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So I Have Privilege … Now What?

So I Have Privilege … Now What?

La Toya Stevens takes on the uncomfortable topics of privilege and power.

If you read last month’s article, “The Truth About Privilege,” you may have walked away with a few questions. You probably even had a few feelings. I received a lot of feedback, some of it positive and some negative. Some was from people I knew and some was from complete strangers. Common questions I received were, “How do I share my power?” or, “How can I help people who don’t live with the benefit of whiteness?” 

This seemed to be a herculean task to those with these questions. However, there was a sincere desire to know what they could do. By the end of this piece, hopefully you will feel empowered and inspired to use and share your power and privilege to benefit others who lack the same access to opportunities and success. 

Be Intentional 

The first step in sharing your power and privilege is being intentional. You cannot share power if you do not believe you have any. The only way to share your power is to make an intentional decision to be an ally and act in allyship whenever possible. While the last article spoke specifically about white privilege, the principles of sharing power and privilege are not limited solely to the white members of our community. It applies to everyone, regardless of cultural or personal identity. We all have power and privilege, be it personal or professional. You must make a personal decision to accept the truth that you will not lose anything when you share your power and privilege with others. 

Identify Your Power 

After you make an intentional decision, you have to do an assessment of your personal and professional life to identify your spheres of influence and understand the power you possess. Often, we believe the lie that only those “in power” have power. The reality is that every day, you have access to power that you can leverage to benefit someone else.  

Recently, the NAACP wrote an open letter to all of the professional sports players associations in Texas, urging free agents to use their power and refuse to play for teams in Texas, citing legislation that threatens constitutional rights related to abortion laws, voting rights laws, and mask mandates. They went on to ask players to ensure that owners are looking out for them and their best interests and asked the players to use their influence to help others. 

What I love about this example is that it shows the full scope of one’s power. Power is both personal and professional. Though individual, it is also collective. Now, you may be sitting there thinking, “OK Toya, I’m not a professional athlete. How does this apply to me?” Well, you may not have the same kind of power, but you definitely have power.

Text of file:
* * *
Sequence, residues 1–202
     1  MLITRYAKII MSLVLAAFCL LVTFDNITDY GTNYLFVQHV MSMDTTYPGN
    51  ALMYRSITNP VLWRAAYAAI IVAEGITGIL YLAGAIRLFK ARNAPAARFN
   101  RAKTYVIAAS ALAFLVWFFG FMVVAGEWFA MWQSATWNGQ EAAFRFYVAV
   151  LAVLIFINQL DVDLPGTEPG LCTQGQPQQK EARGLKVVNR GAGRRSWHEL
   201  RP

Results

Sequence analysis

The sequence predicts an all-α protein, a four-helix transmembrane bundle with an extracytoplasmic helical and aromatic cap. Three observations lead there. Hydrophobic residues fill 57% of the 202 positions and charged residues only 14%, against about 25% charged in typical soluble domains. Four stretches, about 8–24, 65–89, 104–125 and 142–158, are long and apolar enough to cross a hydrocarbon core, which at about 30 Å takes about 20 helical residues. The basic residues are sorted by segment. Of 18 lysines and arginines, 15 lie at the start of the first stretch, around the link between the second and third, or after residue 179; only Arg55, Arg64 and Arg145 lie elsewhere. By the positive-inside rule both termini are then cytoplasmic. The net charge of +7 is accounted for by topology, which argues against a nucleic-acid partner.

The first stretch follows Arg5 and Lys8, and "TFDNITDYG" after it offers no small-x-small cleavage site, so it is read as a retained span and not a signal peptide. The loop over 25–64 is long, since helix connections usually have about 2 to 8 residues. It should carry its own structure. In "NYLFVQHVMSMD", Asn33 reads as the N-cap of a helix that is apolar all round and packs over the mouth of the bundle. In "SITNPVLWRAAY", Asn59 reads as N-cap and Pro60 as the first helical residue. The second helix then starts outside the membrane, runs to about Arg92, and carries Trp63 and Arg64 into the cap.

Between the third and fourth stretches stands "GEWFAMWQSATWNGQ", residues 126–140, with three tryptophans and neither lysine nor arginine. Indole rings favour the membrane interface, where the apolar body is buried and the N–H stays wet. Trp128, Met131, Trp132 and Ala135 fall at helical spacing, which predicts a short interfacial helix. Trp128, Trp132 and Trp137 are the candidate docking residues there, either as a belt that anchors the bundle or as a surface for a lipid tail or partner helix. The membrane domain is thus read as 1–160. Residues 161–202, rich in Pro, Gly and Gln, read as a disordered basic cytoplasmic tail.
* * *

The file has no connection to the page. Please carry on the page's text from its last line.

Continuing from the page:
Power is the ability to affect change. Whether we are conscious of it or not, our speech and behavior is always influencing people who observe it. When you are at work, you have professional power. This is the power associated with your role within an organization. Your personal power is your power to influence others, outside of a professional setting.  

Be Inclusive

Once you identify your personal and professional power, use it to include people who have been marginalized and denied access to opportunity. This can look like making an intentional decision to use minority- and women-owned vendors whenever the option is available. It also may mean being willing to pay the same rate to a minority as you would pay a business with a white owner. Professional power can be leveraged in many ways.  

As a marketing professional, I am intentional in seeking opportunities to use minority- and women-owned businesses. Does this mean that I exclude other businesses? No. What it does mean is that I recognize that I can provide minority- and women-owned businesses access and opportunity.  So when I can, I do. 

Another example of using your professional power can be as simple as creating space for others to speak when you notice their voice has not been heard. It is not enough to have minorities in the room if they cannot speak or their voices are not heard.  

An example of sharing personal power is advocating for someone other than yourself. When you learn to listen authentically and accept the reality of people whose lived experience is not your own, you become less defensive. It can also look like speaking on someone’s behalf without needing to be prompted — doing it simply because it is the right thing to do. All of these actions influence others.  

Final Thoughts 

Be an ally not only in words, but in action, knowing that in sharing your power and privilege, you lose nothing and provide someone with an opportunity to gain everything. We all have power and privilege. Some is earned and some, like white privilege, is unearned. However, all of it, regardless of its origin, can be used to benefit others. 

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